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Understanding the ‘South Dakota Common Core’

August 20. 2013 9:14AM
This week’s column is a lightly edited piece on common core standards that was developed by the South Dakota Department of Education. The standards set the expectations for learning, so they are very important to our students, their families and the State. I encourage parents to read the standards so they better understand those expectations. Here is the basic information about the standards.

South Dakota adopted new standards in English, language arts and math, called the South Dakota Common Core. The standards are referred to as “common” because about 45 states came together to develop this shared set of expectations for what students should know and be able to do at each grade level.

The South Dakota Board of Education approved the new content standards in English and math in November 2010. The adoption of standards for the various content areas is not a new process. It has been going on for years, and the South Dakota Board of Education is the governmental body tasked with evaluating and adopting content standards.

Content standards provide a framework for what students should know and be able to do at each grade level. Decisions about curriculum, including how the standards will be taught and selection of textbooks and other instructional materials, are made at the local level, just as they always have been.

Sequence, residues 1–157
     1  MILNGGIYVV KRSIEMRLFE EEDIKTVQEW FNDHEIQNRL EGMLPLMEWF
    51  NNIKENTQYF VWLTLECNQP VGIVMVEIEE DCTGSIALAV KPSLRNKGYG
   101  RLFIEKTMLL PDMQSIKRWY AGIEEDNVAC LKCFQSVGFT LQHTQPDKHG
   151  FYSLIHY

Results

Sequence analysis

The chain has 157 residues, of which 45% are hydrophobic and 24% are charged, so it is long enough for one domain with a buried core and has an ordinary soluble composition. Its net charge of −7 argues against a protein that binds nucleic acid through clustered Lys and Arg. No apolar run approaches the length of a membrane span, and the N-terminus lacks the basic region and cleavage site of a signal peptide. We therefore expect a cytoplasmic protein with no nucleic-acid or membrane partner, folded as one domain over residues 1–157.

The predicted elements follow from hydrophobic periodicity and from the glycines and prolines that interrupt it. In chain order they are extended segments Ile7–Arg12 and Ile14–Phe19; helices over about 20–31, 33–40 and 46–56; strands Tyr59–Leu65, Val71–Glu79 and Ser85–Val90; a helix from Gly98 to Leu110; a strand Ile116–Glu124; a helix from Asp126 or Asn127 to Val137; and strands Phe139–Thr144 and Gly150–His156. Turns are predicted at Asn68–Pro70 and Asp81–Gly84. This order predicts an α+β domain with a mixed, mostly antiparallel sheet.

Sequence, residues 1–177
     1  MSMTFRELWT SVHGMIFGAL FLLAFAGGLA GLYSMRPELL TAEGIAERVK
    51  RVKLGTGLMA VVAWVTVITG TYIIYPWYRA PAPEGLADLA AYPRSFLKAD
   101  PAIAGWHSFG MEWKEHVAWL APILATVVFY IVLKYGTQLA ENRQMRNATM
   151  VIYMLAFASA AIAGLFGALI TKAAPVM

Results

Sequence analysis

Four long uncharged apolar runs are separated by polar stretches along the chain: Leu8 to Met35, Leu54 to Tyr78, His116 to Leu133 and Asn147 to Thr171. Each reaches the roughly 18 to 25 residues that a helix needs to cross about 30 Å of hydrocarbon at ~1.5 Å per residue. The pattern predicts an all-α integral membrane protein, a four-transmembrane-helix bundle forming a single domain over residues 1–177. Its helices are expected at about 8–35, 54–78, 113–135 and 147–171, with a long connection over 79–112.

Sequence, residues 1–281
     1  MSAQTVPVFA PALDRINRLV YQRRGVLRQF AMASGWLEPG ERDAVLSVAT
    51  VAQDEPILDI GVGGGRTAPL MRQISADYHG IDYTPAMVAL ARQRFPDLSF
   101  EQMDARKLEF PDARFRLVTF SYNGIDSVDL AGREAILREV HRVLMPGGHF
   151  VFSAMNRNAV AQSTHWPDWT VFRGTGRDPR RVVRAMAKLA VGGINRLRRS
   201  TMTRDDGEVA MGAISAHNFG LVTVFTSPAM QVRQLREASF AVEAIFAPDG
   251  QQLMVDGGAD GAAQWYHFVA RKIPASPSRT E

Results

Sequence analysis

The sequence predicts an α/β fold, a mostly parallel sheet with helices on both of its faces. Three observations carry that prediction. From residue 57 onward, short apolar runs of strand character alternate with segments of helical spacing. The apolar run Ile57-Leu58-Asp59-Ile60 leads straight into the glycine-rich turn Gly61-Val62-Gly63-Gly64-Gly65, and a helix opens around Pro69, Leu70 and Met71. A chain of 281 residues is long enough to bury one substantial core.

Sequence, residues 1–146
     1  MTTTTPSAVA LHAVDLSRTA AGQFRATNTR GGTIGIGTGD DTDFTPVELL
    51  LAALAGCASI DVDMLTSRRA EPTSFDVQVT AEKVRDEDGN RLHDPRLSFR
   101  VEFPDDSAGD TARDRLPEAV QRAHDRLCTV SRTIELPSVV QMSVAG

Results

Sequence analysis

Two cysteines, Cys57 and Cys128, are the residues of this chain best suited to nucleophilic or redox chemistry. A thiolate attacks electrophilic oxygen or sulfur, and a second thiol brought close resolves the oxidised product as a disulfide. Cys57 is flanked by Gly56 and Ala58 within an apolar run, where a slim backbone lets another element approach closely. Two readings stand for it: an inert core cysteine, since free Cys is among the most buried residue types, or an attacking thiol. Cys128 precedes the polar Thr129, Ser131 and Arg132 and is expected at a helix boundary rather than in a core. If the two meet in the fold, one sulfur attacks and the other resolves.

One of the most exciting things about these new standards is that they are aligned to current expectations for college and career readiness. They challenge students to think more deeply and to be able to apply that knowledge to real-world situations.
They emphasize skills such as critical thinking, problem solving, communication, and the ability to construct viable arguments and critique the reasoning of others. These are all skills identified by employers as necessary for success in today’s globally competitive world.

Across the district, we have been immersed in the process of training teachers and staff, so that they are familiar with the standards and understand the shifts in instruction that go along with the standards. Any time we make the move to new standards, it is a challenge. However, high quality standards are a critical foundational piece in ensuring that our students are prepared for success in college, careers and life in the 21st century.

The South Dakota Department of Education has put information about the standards on a web page:

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